MP3 is a common audio format that is lossy. This means that it can be compressed at the cost of the quality of the audio. If you are dealing with a very large mp3 file that has a high bitrate, you can compress it by reducing the bitrate. This tool will allow you to compress an mp3 file in order to reduce the file size. Select the mp3 file below and configure the compression settings to reduce the size of your music file.
|Select a file with audio to convert|
|Bit Rate (only applicable to lossy formats)|
Some audio formats are smaller than others. This is based on the compression algorithm that they use. Generally, mp3 is the most popular due to it providing a good balance between audio quality and file size. If you wish to convert to a different file type, use the drop-down above.
How to compress an MP3 using bitrate
A bitrate is what determines the size of the converted file. A bitrate of 192000 will generally give you a high-quality audio file but will also be slightly larger when stored on the disk. You can expect the average song to take up around 6-8mb of disc space with this level of quality.
Dropping this down to 128000 will greatly reduce the size of the file. Giving you a file size of around 3mb for the average audio track. The audio quality will go down but often by just a small amount. If you are listening at high volume through good speakers, you will hear the difference. If you are simply using headphones, you will probably hear no difference at all.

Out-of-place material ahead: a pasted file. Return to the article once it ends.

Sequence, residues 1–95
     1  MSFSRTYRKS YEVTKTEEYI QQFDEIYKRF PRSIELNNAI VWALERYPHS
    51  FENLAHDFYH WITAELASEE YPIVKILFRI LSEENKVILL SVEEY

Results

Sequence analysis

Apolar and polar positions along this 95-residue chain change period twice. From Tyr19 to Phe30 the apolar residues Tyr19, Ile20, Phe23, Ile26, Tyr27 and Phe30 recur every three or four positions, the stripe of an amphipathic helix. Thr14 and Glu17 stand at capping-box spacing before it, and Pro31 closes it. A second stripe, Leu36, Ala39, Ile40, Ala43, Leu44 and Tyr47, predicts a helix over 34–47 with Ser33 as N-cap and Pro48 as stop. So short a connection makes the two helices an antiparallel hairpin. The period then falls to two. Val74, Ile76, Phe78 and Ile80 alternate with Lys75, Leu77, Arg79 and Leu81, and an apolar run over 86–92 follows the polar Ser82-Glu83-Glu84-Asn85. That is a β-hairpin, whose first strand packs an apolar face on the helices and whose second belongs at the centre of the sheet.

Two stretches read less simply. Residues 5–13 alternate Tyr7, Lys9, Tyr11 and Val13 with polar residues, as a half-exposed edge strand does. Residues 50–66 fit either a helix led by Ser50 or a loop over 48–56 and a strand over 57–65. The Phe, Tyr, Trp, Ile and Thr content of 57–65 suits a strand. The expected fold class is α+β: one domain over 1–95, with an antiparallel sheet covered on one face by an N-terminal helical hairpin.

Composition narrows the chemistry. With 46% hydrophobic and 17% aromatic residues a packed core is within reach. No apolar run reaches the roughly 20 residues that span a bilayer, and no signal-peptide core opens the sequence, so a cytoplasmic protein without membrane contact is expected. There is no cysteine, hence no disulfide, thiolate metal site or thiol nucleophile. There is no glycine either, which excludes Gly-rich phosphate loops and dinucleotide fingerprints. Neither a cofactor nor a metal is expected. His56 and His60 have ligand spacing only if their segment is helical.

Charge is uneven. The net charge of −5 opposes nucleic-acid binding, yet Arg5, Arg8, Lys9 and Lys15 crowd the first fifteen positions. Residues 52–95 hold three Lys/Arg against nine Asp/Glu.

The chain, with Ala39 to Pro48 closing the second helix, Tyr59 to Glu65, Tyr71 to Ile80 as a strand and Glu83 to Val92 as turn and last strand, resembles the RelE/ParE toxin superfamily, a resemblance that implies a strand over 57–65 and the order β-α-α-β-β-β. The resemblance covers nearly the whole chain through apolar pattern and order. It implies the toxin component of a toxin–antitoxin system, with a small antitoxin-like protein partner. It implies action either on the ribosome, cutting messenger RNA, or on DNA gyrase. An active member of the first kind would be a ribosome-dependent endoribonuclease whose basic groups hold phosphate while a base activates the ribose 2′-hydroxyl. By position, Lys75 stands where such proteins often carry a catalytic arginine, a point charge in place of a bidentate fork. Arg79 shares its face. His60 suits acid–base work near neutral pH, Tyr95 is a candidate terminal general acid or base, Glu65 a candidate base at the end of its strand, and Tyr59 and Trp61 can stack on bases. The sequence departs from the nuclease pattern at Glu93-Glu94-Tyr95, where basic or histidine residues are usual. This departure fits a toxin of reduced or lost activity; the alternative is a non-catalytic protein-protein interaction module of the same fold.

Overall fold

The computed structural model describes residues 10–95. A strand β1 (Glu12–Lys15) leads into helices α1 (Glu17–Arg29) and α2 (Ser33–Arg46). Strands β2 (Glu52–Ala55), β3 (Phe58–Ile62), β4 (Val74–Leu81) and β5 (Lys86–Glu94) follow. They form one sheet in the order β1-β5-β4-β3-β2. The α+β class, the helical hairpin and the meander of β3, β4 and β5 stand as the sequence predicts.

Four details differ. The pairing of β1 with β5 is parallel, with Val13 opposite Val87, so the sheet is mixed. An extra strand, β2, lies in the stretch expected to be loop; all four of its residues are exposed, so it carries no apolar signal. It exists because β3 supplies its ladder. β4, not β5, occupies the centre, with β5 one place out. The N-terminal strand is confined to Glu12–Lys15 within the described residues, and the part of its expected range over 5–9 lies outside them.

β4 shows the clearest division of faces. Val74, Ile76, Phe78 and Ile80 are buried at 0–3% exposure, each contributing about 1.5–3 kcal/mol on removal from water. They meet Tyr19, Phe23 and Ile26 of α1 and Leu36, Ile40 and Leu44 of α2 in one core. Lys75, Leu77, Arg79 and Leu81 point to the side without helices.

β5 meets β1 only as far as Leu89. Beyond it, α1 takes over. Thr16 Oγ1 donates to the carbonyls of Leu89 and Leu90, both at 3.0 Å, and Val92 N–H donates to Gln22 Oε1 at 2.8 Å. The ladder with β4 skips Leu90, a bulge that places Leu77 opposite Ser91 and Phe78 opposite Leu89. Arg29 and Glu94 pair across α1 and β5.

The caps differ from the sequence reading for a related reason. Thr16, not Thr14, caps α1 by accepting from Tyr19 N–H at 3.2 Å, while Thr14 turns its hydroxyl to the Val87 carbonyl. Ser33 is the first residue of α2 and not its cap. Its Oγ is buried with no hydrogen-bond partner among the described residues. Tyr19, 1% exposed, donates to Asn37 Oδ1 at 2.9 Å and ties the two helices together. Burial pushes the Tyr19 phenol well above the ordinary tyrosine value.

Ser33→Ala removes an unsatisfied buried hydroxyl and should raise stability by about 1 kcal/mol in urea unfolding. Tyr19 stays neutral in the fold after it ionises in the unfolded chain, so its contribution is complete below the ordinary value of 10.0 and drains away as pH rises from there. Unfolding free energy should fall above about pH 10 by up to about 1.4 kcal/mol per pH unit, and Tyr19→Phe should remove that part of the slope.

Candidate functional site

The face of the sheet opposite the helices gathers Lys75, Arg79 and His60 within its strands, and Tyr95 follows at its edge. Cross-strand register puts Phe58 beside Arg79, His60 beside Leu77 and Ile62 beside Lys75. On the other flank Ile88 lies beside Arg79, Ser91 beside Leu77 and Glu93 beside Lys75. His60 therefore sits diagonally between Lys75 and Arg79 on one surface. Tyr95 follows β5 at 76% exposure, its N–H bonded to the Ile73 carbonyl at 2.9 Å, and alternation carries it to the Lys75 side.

How to Reduce File Size Without Degrading Quality
There is no answer to this. Lossless compression exists, and it will only make a file so small. Wav files are lossless and they will take up a huge amount of space. Lossy formats are called this because they ditch pieces of data in order to make the file smaller. The more compression you add, the more data that is lost. Once it is gone, it doesn’t come back. There is no such thing as the perfect mp3 compressor.
As you reduce the bitrate of the mp3, you are instructing the code, to compress the audio file and remove some data in the process. The data removed is going to make the audio quality a little more muddy and distorted at high volumes. At lower volumes, you might not hear a thing.
To get the best possible balance between quality and size, play around with the bitrate box above. A preview of the converted file will appear above when the conversion has completed. If you are unhappy, increase the bitrate, if you think the quality is good, try make the bitrate lower. A table showing you how much memory has been saved will also appear. This will help you get everything you need to know before saving the final file.